The Beverly Hills Planning Commission reconvened for the second of three special meetings to discuss the One Beverly Hills project, the massive proposed residential and luxury hotel development that would reshape the city’s western gateway. The $2 billion development would combine three parcels of land and redevelop portions of the Beverly Hilton. At the previous meeting held on April 8, the Commission signaled unanimous approval of the project’s Final Supplemental Environmental Impact Report (EIR). The commissioners drilled down into the Overlay Specific Plan on April 19, with some voicing reservations over a proposed timeshare-style program and access to the property from the south.
At the previous meeting, the team managing the project and the project’s owners made a presentation to the Commission, highlighting the benefits they say One Beverly Hills will bring to the community. Beny Alagem, CEO of Alagem Capital Group which is developing the project along with Cain International, pointed to his stewardship of his other two luxury hotel holdings, the Beverly Hilton and Waldorf Astoria.
“We delivered with the Waldorf Astoria everything we promised and more. The financial return exceeded the city’s estimates,” Alagem told the Commission. He promised that One Beverly Hills would “perform on [an] exponentially higher level,” generating revenue for city services and schools and creating new jobs. “One Beverly Hills will be the catalyst that will help revive the city economy and support it in the future.”
At nearly 2 million square feet with a $2 billion price tag, the proposed development includes 340 residential units and 42 luxury hotel rooms spread out between seven major structures. It would also demolish and update portions of the Beverly Hilton, including the conference center, the Palm/Oasis Court Building, the parking lot on Merv Griffin Way, the hotel’s vehicle entry, and the Aqua Star Pool.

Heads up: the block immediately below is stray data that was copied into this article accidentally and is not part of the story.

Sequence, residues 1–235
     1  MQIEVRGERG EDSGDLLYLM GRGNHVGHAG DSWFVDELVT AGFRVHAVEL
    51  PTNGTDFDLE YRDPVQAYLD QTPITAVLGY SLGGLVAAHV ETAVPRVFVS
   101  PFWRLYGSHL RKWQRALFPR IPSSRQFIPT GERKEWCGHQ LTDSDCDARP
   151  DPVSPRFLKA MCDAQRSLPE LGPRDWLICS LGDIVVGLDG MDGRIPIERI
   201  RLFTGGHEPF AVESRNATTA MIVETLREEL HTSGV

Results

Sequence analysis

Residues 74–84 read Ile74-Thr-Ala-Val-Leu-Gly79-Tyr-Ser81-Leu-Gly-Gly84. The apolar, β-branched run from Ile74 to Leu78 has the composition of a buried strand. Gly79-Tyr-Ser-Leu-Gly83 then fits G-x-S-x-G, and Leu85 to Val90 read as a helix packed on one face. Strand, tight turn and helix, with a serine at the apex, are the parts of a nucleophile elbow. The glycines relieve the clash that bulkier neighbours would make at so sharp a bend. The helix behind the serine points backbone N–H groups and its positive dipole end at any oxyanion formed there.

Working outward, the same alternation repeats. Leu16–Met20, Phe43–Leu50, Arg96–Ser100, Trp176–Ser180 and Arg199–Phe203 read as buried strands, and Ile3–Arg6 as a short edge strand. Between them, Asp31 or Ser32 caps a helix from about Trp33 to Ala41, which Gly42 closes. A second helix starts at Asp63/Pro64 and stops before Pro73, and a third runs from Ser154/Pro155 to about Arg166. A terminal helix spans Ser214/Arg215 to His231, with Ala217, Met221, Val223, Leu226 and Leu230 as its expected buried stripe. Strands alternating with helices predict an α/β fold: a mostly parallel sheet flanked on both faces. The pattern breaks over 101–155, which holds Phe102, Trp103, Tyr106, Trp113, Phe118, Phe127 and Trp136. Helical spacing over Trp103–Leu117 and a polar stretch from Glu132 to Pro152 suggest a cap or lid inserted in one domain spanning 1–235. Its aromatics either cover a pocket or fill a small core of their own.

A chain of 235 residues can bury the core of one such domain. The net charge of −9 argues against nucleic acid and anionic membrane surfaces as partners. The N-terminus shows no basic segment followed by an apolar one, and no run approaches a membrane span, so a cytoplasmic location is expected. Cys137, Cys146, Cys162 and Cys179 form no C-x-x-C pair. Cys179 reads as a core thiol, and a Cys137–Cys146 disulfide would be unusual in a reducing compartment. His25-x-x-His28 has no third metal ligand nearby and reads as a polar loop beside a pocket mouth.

The project’s biggest selling point for both prospective residents, future guests, and the city is the 12.7 acres of open space, featuring 8 contiguous acres of gardens, about half of which would be publicly accessible. The plans boast two miles of walking paths dotted with art and water features. The project achieves this by creating a land bridge over Merv Griffin Way in order to connect the Hilton parcel with the Robinsons-May tract. The garden, made up of 40 species of trees and 250 plants, will be managed by a non-profit conservancy–an arrangement that also grants the development tax benefits.
The Planning Commission is in the midst of a series of public meetings for One Beverly Hills, at the end of which they will make recommendations to the City Council regarding the project. Final approval for the project rests with the Council. At the previous meeting on April 8, the Commission instructed staff to draft a resolution of support for the Final Supplemental EIR.